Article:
He laughed in surprise. "That is the best answer I've ever gotten to that question. Ever. We're talking lifetime."

"It's true." Sydney turned around enough to kiss him, relishing the warmth of his mouth opening against hers. As his arms slipped lower, embracing her and baby both, she murmured against his cheek, "So, you love me."

Eric went still. "You, uh, you caught that. Earlier."

"Yeah." She cupped his face in her hand. "And I love you too."

"Syd." It was incredible to watch his face change, to see that kind of light in his eyes, and know she'd given that to him. "If I'd planned it out, you know, I wouldn't have told you I loved you for the first time with some lame-ass zebra joke."

"It doesn't matter how you told me. It just matters that you love me."

They kissed once more, more passionately now, and Sydney began tugging Eric's T-shirt up and away. As soon as she'd stripped if off, he grinned. "So, does this mean I'm supposed to ask for your father's blessing now?"

As they laughed at the shared joke, she shook her head. "God, no. I want to spare you the Wrath of Bristow as long as possible. Besides -" Sydney leaned conspiratorially close. "I like having you all to myself."

"Sydney's dirty secret," Eric said, leaning close again. "I can do that. Definitely."



Jack observed Weiss walking into the kitchen for breakfast. There would be nothing extraordinary about this, but for the fact that thirty minutes ago, Weiss had only just walked into his bedroom, perhaps for no purpose beyond being seen walking out of it again later. Apparently he had failed to learn precisely how early Jack awoke in the morning. 

This was the second time Jack had noted such behavior in two weeks. On another occasion, he'd seen Sydney, robe-swaddled after her shower, walking in the direction of Weiss' room and not her own. It was logical to assume that he had not witnessed all similar incidents. Jack thought he'd foreseen every potential complication for their stay, but - as Irina's arrival had already suggested - he had been wrong.

"Good morning, Jack," Weiss said easily, as he helped herself to some muesli, then began measuring out the powdered milk. "How's your foot?"

"Better." He could now use one crutch to get around instead of two, so technically his answer was not inaccurate. "How are you doing?"

Weiss glanced over at him, recognizing the question as unusual. "Uh, good. I'm good."

"Excellent." Jack studied Weiss as he poured the newly-made milk. "You seem -- relaxed."

"Oh, crap." Weiss let his spoon clatter as he turned to face Jack head on. "Is this the part where you shoot me?"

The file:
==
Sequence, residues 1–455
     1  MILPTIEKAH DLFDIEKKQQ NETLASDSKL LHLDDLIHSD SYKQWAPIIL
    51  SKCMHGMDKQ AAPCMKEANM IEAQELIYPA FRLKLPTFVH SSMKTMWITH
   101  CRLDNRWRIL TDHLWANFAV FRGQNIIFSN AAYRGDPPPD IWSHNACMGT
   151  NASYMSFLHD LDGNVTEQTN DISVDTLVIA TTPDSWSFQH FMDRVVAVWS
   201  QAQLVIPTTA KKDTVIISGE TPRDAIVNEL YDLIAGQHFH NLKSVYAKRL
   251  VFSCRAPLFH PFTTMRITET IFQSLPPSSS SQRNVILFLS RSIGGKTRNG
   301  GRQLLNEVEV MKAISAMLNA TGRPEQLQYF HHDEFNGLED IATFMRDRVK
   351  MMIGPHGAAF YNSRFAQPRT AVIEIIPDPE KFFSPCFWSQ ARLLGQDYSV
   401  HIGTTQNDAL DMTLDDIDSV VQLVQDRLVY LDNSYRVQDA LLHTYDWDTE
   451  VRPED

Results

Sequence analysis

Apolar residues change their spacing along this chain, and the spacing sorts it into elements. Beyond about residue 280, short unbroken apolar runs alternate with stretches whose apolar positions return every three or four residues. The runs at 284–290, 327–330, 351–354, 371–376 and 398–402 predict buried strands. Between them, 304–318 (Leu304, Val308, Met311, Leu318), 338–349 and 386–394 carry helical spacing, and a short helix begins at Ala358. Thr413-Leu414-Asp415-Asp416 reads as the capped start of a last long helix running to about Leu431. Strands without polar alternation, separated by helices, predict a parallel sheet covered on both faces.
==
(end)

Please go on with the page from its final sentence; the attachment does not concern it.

"Not while Sydney's happy, no." After a moment, Jack added, "And she is happy. I've seen that."

Weiss appeared not to have readied himself for any paternal response besides shooting. "Yeah. Right. Exactly. I mean - I hope she is. I want her to be."

"That said, Sydney's well-being is important to me. It hasn't escaped my notice - and obviously it hasn't escaped yours - that she's very vulnerable right now."

"Hey. Wait a second." Weiss moved forward, his eyes challenging. Jack liked it when people got angry with him; it allowed him an excellent chance to observe their unguarded reactions. "This is not me taking advantage of Sydney. I wouldn't do that, not to anybody and least of all to her."

"I see. So you began this relationship because you couldn't resist the romantic ambiance of - Antarctica."

As he'd hoped, Weiss got madder and spoke without thinking. "Listen, I could say that this is none of your business, which is damn sure what Sydney would say, but I'm not going to. I know you're trying to look out for her. Okay, you're kind of insane about it, but you know what? I like that in a guy who's looking out for Sydney. So you can question me, you can doubt me, you can have me watched. Have at it. Enjoy yourself. And if you get any good surveillance photos, send me prints. But don't accuse me of not caring about your daughter. That is the one thing you don't get to do, ever."


Weiss just stood there, waiting. At last he said, "That's it? 'Fine'? That's all you've got to say?"

"You've told me that you'll try to make my daughter happy, and you've suggested that when I need to keep her safe, you'll either help or get out of my way. And that's fine with me." Jack turned his attention back to his coffee, smiling only slightly as Weiss went on his way, shaking his head. The excellent mood he was now in would no doubt have lasted all day, but for the fact that he had - an interview.


"As far as I've been able to observe, the immunity granted by the bloodlines is dramatically lower than any of Rambaldi's followers estimated." Irina sat so regally that it would have been easy to forget that the guards outside the door weren't hers to command. "Most of them believed it would be absolute, and behaved accordingly. But I would estimate that no more than 80 percent of them are actually protected from the disease."

"Eighty percent." Jack made a few calculations. Though the risk to Covenant members and other Rambaldi followers was reasonably high, it still allowed an enormous number of them to expect to share in the immortality to come. Whatever allegiances and alliances they'd formed could be expected to remain intact, at least until the disease's final and most destructive waves. "And the vaccines?"